Security forces reportedly tried to corner what they called a group of terrorists after the latter set off a bomb under a car outside an abandoned building that used to house the UN's country headquarters.

A gun battle then ensued between the assailants and the security forces during which the terrorists hurled grenades at the former. Later at night Syrian security forces confirmed that two terrorists and two passers-by were killed in the operation.

Analysts say that the Syrian government usually uses the term 'terrorists' for Islamic militants. There is some logic in this perception because, earlier this month, Jordan foiled an attack on its security services headquarters in Amman which it blamed on Islamic extremists who, it said, had crossed over from Syria.

However, the last time one heard of a crackdown on Islamists in Syria was in the early 1980s, when Damascus said it had wiped out Muslim Brotherhood from its territory. But these are dangerous times, what with the worsening situation in neighbouring Iraq under American occupation and the Israelis intensifying their persecution of the Palestinians.

On the other hand, the fact that only Israel and the US stand to gain politically from any prospects of destabilization of Syria cannot be denied. Since the occupation of Iraq began last year, the US has repeatedly accused Damascus of harbouring militants and fugitives from Iraq.

The action taken against a group of 'terrorists' by the Syrian government on Tuesday may well have come about as a result of American pressure. But this still leaves the riddle of the timing, motive and choice of the target in Damascus unresolved.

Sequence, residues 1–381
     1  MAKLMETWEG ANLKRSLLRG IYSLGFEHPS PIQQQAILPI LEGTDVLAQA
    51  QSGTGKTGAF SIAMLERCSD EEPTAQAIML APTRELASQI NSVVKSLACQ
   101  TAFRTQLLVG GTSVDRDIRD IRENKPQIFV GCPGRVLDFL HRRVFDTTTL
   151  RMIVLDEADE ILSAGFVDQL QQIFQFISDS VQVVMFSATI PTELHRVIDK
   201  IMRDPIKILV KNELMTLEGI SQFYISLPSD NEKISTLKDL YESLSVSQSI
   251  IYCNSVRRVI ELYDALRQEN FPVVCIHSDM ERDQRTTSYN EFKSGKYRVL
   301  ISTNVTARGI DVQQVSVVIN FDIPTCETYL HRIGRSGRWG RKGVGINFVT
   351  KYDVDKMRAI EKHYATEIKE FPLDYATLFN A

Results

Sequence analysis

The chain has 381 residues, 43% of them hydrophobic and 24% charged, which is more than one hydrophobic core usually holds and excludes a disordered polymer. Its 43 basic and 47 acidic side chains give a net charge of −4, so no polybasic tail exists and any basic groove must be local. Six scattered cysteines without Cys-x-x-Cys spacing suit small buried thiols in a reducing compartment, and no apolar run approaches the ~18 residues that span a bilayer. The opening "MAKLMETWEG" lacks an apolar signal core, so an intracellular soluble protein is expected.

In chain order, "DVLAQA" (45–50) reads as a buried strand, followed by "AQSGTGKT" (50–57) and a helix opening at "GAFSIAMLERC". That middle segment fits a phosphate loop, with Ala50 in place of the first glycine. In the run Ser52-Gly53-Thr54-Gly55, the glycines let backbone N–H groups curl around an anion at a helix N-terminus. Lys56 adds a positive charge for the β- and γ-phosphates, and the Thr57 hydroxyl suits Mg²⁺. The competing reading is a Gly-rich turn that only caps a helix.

New teachers for Sindh

According to the Sindh education minister, the provincial government plans to hire 24,000 teachers. Speaking to a group of students, the minister said that after this measure the "shortage of teachers would be overcome".

One hopes that in its efforts to provide basic education to schoolchildren in the province, the Sindh government will not overlook the very important issue of quality and qualifications when it recruits teachers in such large numbers.

There is a reason why most developed societies treat teachers with respect and place a premium on their training and qualifications. Teachers are role models for their students and trained and properly qualified ones can play a crucial role in increasing the quality of education in a country like Pakistan.

To achieve that end, it is imperative that the recruitment process be transparent, above board and teachers are chosen purely on merit. Regrettably, however, in Sindh's case, various developments have meant that the process has so far not been very transparent.

Initially, the education department insisted on hiring teachers without involving the Sindh Public Service Commission. Later, it allowed representatives of the commission to sit in on recruitment interviews.

Then, stories kept appearing of applicants claiming that they would be chosen provided they paid a bribe. Furthermore, the perception that the process of selecting teachers was guided by factors other than merit was reinforced by remarks in private by certain officials of the education department who seemed to confirm such stories.

The provincial government must ensure that the process of recruiting new teachers is kept transparent and free from any kind of political or other influence and that applicants are selected purely on merit. Sindh cannot afford another exercise in futility, something that will surely set the province's record in education further back.